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The Controversy Facing Patient Safety In The U.S.

800 words - 4 pages

Fierce healthcare reported sometime in June of 2012 that hospitals across the country had received safety report cards from one Leapfrog group. They reported that most facilities got a C or below in the rankings. The report also showed that the biggest hospitals such as the Henry Ford Hospital in Michigan barely got a passing grade. The report cards were meant to inform patients and also to motivate improvements in patient safety, they were faced with a lot of criticism and controversy especially from hospitals that did not pass. This paper will discuss the controversy facing patient safety in the U.S. It will also analyze the effects of the issue and the solutions suggested and currently in place to solve the issue.
The major complaint was that the score cards give a single letter grade for twenty six patient safety measures. Many hospitals claim that the score cards had within them the wrong questions. They insist that they should address matters of how much the hospitals are doing to better themselves in respect to patient safety. The point, however, is research has shown that many hospitals are doing little to nothing to better their patient safety.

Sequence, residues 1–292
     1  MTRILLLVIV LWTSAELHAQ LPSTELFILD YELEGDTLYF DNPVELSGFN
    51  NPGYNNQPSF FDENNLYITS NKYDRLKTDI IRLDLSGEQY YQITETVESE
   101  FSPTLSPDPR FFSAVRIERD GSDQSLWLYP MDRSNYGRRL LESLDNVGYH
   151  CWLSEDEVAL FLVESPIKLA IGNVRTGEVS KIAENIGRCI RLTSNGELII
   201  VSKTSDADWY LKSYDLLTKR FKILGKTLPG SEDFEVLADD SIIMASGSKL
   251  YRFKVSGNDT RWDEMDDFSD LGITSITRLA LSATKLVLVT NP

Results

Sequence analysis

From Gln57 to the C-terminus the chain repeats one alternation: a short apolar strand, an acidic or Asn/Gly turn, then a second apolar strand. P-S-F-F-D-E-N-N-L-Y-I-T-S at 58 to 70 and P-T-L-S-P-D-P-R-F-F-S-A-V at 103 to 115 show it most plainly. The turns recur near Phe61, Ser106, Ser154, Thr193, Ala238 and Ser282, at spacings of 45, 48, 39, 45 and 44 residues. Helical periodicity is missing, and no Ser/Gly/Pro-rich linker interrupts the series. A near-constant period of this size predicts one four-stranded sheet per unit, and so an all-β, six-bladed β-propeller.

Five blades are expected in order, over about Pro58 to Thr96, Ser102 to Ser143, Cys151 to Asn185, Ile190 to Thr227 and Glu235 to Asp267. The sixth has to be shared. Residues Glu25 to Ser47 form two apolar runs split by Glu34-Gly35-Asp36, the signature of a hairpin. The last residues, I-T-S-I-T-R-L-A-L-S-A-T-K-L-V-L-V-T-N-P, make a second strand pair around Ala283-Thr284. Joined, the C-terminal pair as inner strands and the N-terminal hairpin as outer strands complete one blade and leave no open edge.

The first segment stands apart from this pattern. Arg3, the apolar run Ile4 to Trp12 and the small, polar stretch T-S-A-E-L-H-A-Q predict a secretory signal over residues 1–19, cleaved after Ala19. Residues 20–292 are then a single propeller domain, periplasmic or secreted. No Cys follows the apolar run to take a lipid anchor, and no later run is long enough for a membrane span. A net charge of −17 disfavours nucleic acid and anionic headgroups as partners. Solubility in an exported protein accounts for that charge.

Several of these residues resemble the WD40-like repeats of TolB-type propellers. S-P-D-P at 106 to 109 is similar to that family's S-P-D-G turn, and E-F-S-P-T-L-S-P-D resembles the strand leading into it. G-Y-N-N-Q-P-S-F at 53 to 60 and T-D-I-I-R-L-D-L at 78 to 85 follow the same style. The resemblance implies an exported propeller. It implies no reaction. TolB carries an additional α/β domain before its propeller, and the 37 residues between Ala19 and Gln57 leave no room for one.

A case exists where a post-surgical patient was suffering from low bloody pressure. The nurse taking care of him noted this and asked the supervisor what to do. The supervisor asked her to contact the physician that was on call. The physician said to give the patient Albumin. The nurse on duty read in the patient’s chart that he had been given albumin, a product of blood. On reading also that the patient was a Jehovah Witness, she reported the case to the hospital CEO who gave the decision to inform the patient. The on-call physician resented the CEO’s involvement as he did not believe that the patient needed to be informed.
Another reported case of patient safety involves a dental patient who was having extensive work done. The dentist asked the man, who was under the influence of nitrous oxide, whether he had any allergies and the man said he had none while he was allergic to penicillin. At the pharmacy, the wife who had not gone through the prescription was asked the same question and said that her husband had no allergies. Five minutes later she remembered about her husband’s penicillin allergy. The pharmacist then called the dentist to obtain a prescription for an alternative.
A third case involves...

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